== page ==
Fecal Impaction Treatment
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Learn more about Fecal Impaction
First off, what is fecal impaction?
Fecal impaction means that dry, hard poop (a.k.a. stool or feces) is stuck inside the rectum. This sounds similar to constipation—so, what’s the difference?
Constipation is the feeling of not being able to poop while fecal impaction is a build-up of stool. This means that constant or chronic constipation can cause fecal impaction.
Typically, when you are constipated, you are not able to have a complete bowel movement. If this happens over and over, then it will lead the stool to build up in your color.
Fecal impaction can affect anyone but is more common in adults.
What are the symptoms of fecal impaction?
Fecal impaction can present in many ways, including:
- Pain in the abdomen or lower back
- Distention (bloating or fullness) of the abdomen
- Discomfort or sense of fullness in the rectum
- Inability to pass stool for many days
And sometimes fecal impaction can make you feel tired, lose your sense of appetite, or feel nauseous.
How do I get a diagnosis of fecal impaction?
Your doctor might diagnose you with fecal impaction by any of the following methods:
- Based on your symptoms
- Digital rectum exam.
- Abdominal X-Ray
The digital rectum exam requires inserting a finger into the rectum to see if any built-up stool can be felt.
The abdominal X-Ray may be used to confirm the location of the impaction and confirm that there is no other problem.
How is fecal impaction treated?
- Stool softeners: Stool softeners (think over-the-counter brands like Colace, and generic docusate) are often attempted as the first step for fecal impaction. Though widely used, research indicates that they have limited efficacy.
- Laxatives: Laxatives can be one component of treating fecal impaction. One study found that one type of laxative called polyethylene glycol (PEG) was the best laxative for treating fecal impaction. Laxatives are generally well-tolerated by patients.
- Enemas: A warm enema is sometimes used to soften the stool and can make it easier to get rid of old feces in the colon. Enemas alone are not always enough to remove the source of fecal impaction.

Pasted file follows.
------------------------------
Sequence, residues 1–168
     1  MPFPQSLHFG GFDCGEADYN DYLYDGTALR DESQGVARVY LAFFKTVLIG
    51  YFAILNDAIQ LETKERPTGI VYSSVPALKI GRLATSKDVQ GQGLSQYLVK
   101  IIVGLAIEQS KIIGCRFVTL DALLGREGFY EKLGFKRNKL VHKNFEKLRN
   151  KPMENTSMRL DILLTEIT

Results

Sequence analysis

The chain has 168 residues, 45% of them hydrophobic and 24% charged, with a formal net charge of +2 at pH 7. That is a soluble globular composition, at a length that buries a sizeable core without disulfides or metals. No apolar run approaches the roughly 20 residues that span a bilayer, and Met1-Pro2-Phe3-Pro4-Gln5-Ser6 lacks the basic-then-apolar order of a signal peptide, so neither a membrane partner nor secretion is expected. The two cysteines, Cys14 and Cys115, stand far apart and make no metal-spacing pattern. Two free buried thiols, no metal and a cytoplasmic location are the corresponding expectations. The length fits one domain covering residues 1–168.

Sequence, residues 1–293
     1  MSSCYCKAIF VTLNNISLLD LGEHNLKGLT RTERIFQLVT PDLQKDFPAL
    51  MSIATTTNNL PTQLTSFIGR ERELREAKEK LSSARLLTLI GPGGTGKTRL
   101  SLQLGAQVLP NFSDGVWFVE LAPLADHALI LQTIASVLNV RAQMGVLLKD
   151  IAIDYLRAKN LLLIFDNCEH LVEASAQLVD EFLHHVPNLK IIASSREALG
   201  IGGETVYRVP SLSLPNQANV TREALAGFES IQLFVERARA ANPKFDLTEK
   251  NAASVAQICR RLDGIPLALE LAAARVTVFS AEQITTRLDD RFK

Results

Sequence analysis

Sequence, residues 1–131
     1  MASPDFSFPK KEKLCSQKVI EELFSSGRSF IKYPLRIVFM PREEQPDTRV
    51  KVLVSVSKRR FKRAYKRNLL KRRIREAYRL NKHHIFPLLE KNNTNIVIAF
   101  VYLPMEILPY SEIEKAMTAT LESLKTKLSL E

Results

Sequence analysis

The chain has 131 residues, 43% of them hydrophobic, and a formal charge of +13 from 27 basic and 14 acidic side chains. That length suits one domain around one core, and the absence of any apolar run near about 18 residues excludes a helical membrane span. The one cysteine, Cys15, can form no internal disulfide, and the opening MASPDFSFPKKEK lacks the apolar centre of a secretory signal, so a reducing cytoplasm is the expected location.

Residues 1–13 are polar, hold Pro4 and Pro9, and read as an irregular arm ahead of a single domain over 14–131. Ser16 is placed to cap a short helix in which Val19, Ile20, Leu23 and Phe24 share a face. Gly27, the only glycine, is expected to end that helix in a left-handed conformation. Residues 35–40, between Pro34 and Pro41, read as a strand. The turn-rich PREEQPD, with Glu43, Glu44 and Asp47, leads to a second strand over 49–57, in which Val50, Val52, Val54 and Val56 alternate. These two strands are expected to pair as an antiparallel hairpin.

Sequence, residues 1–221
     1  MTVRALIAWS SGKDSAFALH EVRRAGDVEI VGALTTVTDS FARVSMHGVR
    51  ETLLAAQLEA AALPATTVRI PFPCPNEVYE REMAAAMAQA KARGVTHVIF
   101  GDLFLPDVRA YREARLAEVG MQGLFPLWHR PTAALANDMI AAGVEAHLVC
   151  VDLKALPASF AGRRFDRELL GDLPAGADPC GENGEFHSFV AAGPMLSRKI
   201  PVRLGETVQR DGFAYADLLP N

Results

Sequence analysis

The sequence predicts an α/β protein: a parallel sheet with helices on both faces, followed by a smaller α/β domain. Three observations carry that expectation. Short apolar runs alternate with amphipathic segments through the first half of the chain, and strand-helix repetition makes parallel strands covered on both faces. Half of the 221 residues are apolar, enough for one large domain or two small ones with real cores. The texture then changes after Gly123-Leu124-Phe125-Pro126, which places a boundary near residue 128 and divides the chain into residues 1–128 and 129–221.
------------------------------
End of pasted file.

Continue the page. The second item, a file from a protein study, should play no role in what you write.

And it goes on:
- Physician-assisted removal or finger disimpaction: Sometimes, treating fecal impaction requires manual removal. This is especially helpful if the hard stool can be felt in the rectal area. A physician will insert a gloved index finger with lubrication to gently remove the stool. Sometimes, the procedure requires an anoscope (a small hollow tube to assist with examination) or the use of suction.
- PIE Device: The Pulsed Irrigation Evacuation (PIE) Device is a research-backed solution for even severe cases of fecal impaction. It is simple, reliable, and safe. In one research study of fourteen individuals treated for fecal impaction, no patients required hospitalization for impaction due to the success of the PIE Device by the midpoint of the study.
- Surgery: In severe cases of fecal impaction, surgery such as endoscopic disimpaction may be necessary. If you keep having fecal impactions and you do not use any of the methods above, parts of your bowel may be removed.
Why is it important to treat an impacted bowel?
There are a number of ways that fecal impaction can be safely treated. It is important to treat fecal impaction because the long-term complications of not doing so can be dangerous, and even fatal in some cases. Fecal impaction can cause bowel perforation (when a hole forms in the colon), bleeding, obstruction, and ulcers.
Fecal impaction can also lead to fecal incontinence where stool leaks out from your bowel. This happens because watery stool may squeeze around the impaction and leak out.
Fecal impaction is preventable. Regular exercise, adequate hydration, and sufficient fiber in the diet can all be helpful in preventing fecal impaction from recurring once you have treated it.
As we’ve shown, it’s important to treat fecal impaction. You do not have to just live with it.
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